Brighton Magazine

The Brighton Magazine

Selected Brighton Magazine Article

Monday 15 January 2018

Interview: The Turn of the Screw Director Talks To His Producer Ahead Of Southwick Show

Gary Cook, director of the Southwick Players upcoming production of The Turn of the Screw, talks to his producer Anita Jones about the play.
See Foot Of Article For Photo Credits

Anita Jones: Gary, firstly can you tell us a bit about the play?

Gary Cook: It's a truly classic ghost story - not a horror story, no blood and guts, just shadows and ideas. It's based on the Henry James novella of the same name - simply put, and not to give too much away, a naive young governess arrives at a county house to look after two orphaned children. At first, all seems well, but…

AJ: So it's a haunted house story?

GC: At its heart, yes. Although the original has been subject to endless debate - centering around the sanity or otherwise of the governess, and the exact nature of the evil she encounters. The text brings up many interpretations, from the supernatural to the frankly awful…

AJ: What can we expect in terms of style?

GC: I've aimed to present it as a very visual show - I've always had in mind the old BBC "Ghost Story at Christmas" look and feel - where ideas matter just as much as the suggested "horrors". I think that's very much in keeping with James' original intention.

AJ: How have you interpreted the ideas?

GC: With the fantastic cast we've assembled, we've really worked together on getting to the heart of the text and incorporating lots of different ideas into a coherent whole - we really want the audience to make up their own minds on what they are seeing, while not being obscure.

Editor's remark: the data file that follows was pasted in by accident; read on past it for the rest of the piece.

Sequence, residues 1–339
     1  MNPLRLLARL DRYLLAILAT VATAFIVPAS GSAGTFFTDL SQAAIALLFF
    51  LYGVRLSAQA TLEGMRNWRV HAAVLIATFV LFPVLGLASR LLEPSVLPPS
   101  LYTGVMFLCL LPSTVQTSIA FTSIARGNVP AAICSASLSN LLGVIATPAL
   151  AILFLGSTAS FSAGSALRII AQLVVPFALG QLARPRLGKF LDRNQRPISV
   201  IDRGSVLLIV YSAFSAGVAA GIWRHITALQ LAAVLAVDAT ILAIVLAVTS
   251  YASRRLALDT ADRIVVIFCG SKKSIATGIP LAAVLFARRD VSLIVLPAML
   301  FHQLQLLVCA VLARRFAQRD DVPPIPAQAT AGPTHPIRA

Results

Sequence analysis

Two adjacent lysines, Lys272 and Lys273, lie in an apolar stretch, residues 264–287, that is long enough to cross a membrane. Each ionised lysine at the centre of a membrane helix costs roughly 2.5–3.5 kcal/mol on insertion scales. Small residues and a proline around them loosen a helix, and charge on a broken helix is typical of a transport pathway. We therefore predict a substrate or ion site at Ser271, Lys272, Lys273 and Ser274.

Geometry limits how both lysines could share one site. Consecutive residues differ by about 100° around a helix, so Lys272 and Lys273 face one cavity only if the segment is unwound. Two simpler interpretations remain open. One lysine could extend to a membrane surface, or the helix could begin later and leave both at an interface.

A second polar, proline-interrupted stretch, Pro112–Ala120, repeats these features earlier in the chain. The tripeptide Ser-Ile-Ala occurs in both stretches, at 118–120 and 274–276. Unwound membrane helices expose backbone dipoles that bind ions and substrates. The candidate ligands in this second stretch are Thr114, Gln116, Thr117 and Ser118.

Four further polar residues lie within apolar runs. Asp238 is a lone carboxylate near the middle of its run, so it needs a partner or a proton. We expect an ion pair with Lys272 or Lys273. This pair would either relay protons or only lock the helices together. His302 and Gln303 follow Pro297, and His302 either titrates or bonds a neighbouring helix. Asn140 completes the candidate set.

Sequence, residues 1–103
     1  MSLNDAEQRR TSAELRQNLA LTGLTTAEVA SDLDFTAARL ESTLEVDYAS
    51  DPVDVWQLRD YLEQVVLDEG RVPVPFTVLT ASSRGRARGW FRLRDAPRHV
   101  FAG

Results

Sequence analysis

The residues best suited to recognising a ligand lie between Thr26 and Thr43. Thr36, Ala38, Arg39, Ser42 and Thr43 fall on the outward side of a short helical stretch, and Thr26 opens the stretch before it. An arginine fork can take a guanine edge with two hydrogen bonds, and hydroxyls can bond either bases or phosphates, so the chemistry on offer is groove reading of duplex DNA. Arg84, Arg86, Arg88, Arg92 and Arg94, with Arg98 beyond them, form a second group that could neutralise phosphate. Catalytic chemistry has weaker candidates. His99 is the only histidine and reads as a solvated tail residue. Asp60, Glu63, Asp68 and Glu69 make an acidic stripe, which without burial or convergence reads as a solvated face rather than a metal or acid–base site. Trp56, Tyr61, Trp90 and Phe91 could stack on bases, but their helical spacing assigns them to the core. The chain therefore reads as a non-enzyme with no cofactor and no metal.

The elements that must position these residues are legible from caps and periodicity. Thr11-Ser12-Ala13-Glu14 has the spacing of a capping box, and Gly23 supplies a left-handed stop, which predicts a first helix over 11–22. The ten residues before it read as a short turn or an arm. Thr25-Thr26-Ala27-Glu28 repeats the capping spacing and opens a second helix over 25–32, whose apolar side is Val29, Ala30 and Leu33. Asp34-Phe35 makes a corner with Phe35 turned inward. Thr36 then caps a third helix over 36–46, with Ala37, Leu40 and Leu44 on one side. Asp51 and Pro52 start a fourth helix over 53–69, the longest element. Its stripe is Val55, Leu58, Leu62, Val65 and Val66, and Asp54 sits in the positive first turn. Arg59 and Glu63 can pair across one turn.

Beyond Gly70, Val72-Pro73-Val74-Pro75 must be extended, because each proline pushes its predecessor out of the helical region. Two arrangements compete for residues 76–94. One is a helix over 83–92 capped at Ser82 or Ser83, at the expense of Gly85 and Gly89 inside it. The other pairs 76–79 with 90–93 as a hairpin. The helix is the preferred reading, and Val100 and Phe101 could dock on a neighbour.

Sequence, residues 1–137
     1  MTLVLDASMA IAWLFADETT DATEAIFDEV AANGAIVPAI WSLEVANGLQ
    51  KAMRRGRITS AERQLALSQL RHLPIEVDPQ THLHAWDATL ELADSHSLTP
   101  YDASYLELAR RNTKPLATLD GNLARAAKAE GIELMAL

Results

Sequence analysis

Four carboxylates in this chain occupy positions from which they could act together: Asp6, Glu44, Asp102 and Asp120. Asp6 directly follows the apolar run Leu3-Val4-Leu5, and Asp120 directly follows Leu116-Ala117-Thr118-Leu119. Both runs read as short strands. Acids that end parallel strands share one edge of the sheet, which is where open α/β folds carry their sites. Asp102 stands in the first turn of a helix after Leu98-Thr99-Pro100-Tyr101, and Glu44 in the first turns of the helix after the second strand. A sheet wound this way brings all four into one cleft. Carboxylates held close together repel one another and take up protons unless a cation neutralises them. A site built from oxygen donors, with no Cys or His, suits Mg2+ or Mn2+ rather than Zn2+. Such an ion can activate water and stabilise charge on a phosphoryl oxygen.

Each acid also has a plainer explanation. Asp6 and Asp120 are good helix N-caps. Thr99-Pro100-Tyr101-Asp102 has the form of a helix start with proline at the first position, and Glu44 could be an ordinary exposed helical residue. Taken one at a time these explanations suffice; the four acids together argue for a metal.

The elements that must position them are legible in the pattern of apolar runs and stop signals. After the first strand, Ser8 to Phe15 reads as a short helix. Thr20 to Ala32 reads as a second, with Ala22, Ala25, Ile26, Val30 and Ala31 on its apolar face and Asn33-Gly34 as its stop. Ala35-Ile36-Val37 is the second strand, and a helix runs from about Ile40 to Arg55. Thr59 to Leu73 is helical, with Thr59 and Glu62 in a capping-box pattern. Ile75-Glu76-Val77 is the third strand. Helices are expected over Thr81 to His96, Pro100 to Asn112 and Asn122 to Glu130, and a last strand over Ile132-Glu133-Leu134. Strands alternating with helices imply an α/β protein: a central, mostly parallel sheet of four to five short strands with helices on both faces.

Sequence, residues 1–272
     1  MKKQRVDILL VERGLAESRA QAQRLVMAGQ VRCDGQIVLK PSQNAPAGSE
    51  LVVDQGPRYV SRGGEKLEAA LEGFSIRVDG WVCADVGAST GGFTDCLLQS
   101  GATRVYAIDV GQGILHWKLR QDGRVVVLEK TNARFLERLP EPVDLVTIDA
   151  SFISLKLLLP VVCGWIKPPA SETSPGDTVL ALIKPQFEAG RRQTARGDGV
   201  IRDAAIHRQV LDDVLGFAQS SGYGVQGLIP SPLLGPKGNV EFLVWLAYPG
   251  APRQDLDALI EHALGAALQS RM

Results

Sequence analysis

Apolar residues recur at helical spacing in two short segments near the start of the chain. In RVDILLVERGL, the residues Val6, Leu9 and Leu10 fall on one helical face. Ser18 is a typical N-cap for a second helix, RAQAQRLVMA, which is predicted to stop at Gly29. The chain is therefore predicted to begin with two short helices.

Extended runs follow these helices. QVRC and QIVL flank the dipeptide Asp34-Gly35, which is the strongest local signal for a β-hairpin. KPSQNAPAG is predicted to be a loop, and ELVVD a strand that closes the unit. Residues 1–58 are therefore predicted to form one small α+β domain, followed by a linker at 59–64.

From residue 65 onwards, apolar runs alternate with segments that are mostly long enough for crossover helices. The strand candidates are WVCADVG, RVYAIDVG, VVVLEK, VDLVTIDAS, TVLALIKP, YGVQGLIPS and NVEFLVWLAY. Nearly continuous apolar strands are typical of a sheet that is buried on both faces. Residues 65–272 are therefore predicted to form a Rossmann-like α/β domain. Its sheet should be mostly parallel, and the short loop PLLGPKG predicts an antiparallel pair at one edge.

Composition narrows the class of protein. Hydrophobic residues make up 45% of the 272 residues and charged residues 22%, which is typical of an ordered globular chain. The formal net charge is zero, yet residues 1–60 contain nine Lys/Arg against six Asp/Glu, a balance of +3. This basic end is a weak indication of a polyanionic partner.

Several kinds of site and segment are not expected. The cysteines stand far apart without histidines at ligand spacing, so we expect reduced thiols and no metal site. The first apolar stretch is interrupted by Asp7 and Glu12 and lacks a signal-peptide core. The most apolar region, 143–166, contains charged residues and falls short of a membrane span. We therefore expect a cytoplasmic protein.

AJ: But will we see the ghosts?
G:C Oh yes!

AJ: So is this not for children?

GC: Hmm, I'd be happy for any age to see it to be honest (laughs) though of course not real youngsters. I first saw "The Innocents" (the classic film based on The Turn of the Screw) when I was around 10 or 11. It was probably a formative experience for me, and along with "Oliver!" got me interested in the visual side of storytelling. With the help of Martin Oakley, my very talented set designer, and his lovely set, I'm very much trying to bring that high-contrast monochrome look of a 1960s thriller film to the Barn Theatre.

AJ: The old question - why should someone come and see the play?

GC: It's a spine-chilling story, presented in a very visual way with a team of outstanding actors and a passionate vision. Genuinely thrilling to be involved in - and to watch!
Southwick's lovely Barn Theatre is a great space, just 15 minutes from Brighton and Worthing - with free car parking, and tickets priced at just £11.

The Turn Of The Screw runs from 7-10 March 2018 at the Barn Theatre, Southwick Street, Southwick BN42 4TE. Tickets are on sale now from 01273 597094 or - CLICK HERE for more info.

Featured Photo: L-R back row Nikki Dunsford, Andrew Wesby
L-R front row Kate Stoner, Bertie Atkinson, Nina Hayward, Keziah Israel